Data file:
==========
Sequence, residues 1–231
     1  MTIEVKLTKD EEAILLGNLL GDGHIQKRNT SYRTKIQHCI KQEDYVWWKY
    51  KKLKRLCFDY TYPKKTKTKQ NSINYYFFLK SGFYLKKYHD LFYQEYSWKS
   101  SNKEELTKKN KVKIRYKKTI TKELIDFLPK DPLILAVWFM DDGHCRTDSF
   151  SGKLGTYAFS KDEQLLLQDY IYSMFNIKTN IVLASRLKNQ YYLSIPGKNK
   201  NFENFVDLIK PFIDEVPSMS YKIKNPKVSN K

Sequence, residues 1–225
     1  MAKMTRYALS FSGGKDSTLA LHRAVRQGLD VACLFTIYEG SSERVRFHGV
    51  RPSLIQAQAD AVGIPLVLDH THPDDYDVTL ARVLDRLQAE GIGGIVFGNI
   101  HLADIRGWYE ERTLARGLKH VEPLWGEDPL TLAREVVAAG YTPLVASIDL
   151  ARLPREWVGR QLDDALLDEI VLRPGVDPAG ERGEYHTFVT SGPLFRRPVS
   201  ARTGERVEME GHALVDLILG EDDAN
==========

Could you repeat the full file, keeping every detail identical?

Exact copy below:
Sequence, residues 1–231
     1  MTIEVKLTKD EEAILLGNLL GDGHIQKRNT SYRTKIQHCI KQEDYVWWKY
    51  KKLKRLCFDY TYPKKTKTKQ NSINYYFFLK SGFYLKKYHD LFYQEYSWKS
   101  SNKEELTKKN KVKIRYKKTI TKELIDFLPK DPLILAVWFM DDGHCRTDSF
   151  SGKLGTYAFS KDEQLLLQDY IYSMFNIKTN IVLASRLKNQ YYLSIPGKNK
   201  NFENFVDLIK PFIDEVPSMS YKIKNPKVSN K

Sequence, residues 1–225
     1  MAKMTRYALS FSGGKDSTLA LHRAVRQGLD VACLFTIYEG SSERVRFHGV
    51  RPSLIQAQAD AVGIPLVLDH THPDDYDVTL ARVLDRLQAE GIGGIVFGNI
   101  HLADIRGWYE ERTLARGLKH VEPLWGEDPL TLAREVVAAG YTPLVASIDL
   151  ARLPREWVGR QLDDALLDEI VLRPGVDPAG ERGEYHTFVT SGPLFRRPVS
   201  ARTGERVEME GHALVDLILG EDDAN